Bad Ideas Collective

Curator's foreword

Bad Ideas Collective was born out of a desire to examine and document ways in which artists reflect on their own practices. Being incognito is useful during this analysis, as privacy allows for more insights and even intimacy in relation to practitioners’ thought processes – discussions reflect on the mechanism, not just the outcome, and are more open or direct than artwork analysis. In many cases, humour or jokes also serve as an effective strategy to avoid responsibility or the pressure of self-confession: this endows the artists’ testimonies with a certain playfulness and in some cases they function as entertainment.

The artists involved have produced short videos that reflect on projects which they held back from developing for reasons other than purely practical obstacles – for example, either because of perceived inadequacies in the concept or due to speculation over audience responses. In a way, by focussing on these unstable elements, we are looking for fundamental structures which are part of art practice. The videos are presented without direct authorial attribution, as a means of shifting audience engagement away from questions of production and ownership. The emphasis is on the candid disclosure of the play and processing of ideas – how they are evaluated and either used or abandoned in the creative process.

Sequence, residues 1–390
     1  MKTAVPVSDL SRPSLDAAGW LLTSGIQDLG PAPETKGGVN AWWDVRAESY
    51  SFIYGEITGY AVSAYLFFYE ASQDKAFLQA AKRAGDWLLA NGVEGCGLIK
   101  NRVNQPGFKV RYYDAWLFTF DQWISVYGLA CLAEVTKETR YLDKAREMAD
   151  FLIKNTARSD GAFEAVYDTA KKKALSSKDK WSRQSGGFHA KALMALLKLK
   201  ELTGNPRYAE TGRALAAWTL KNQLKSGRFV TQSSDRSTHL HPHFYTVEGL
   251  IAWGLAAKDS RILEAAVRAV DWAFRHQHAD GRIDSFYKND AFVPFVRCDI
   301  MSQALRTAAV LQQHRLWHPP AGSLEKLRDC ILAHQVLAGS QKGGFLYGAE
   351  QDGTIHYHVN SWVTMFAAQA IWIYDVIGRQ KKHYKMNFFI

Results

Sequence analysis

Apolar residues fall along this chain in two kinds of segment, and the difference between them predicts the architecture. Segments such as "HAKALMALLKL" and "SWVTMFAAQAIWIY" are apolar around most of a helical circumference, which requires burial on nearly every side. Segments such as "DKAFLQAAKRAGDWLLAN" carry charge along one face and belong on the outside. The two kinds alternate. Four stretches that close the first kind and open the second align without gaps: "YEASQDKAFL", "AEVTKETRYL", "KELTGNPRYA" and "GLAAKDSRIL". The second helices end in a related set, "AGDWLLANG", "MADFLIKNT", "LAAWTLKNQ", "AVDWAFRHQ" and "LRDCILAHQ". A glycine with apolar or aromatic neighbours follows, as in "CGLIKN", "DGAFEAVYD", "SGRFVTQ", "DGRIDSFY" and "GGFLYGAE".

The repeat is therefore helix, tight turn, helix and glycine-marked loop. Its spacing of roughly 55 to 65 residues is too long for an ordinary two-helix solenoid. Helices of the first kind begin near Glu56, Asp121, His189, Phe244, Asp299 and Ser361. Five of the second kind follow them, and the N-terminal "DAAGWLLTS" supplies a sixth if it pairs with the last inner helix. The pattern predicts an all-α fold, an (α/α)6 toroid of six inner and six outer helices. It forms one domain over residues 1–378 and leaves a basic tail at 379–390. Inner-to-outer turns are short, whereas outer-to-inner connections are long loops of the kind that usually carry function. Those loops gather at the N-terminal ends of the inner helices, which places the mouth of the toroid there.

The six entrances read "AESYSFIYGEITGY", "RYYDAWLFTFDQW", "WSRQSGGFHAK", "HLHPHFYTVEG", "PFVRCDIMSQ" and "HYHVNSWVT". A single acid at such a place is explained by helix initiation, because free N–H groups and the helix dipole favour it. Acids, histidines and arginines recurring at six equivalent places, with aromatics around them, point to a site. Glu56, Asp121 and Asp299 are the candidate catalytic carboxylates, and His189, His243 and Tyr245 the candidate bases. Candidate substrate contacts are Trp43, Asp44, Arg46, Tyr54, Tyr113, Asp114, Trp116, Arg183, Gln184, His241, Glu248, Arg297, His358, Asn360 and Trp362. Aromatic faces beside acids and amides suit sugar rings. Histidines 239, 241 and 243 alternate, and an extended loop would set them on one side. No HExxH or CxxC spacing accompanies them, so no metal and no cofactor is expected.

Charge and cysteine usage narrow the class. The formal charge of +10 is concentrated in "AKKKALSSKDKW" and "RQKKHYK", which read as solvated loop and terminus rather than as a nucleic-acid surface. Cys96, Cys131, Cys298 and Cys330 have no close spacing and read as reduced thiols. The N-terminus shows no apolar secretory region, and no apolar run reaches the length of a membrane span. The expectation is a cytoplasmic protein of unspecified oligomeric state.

Within this quasi-confessional framework a kind of collective formal freedom might emerge: a speculative post-art-world space where the ghosts of discarded possibilities drift and intermingle, cut loose from the moorings of authorship and value. Sometimes it almost seems as if we have discovered a new form or category of artwork – or should we call it a medium?

During the last couple of years, while this collection of videos has been developing and growing, members of the collective have raised a number of further questions concerning the decision-making behind art practices. 

Throughout this time, discussions and intriguing discoveries have been the keystone for continuing to collect bad ideas. Occasionally, ideas which have been considered in the past find new dimensions and it is worth revisiting them, keeping an archive and record of them even if they have been labelled as bad or unresolved. Sometimes perhaps it is just the wrong time or place for them to be developed straight away.

As many of the members are involved in educational art institutions, we are looking at how these conversations and discussions could influence teaching practice and beyond. How do you identify bad or good ideas in the work of students, when young practitioners are just at the beginning of their journey?

What makes an idea good or bad? How big a role do different contexts play? Can an idea become good if a shift in the context happens? Can we really forecast such circumstances? Can the world itself, independently from an artist, change the status of an artwork or idea? Many members of the collective have highlighted that a distinction needs to be made between bad artwork and bad ideas. Bad ideas do not always take the shape of a bad artwork and vice versa: ‘good’ ideas will not always take the form of a good artwork. Is it ultimately just a question of deciding what is a good or bad idea?

Together with members of the collective, we invite visitors to this showcase to discover questions around art making and the mechanisms behind it.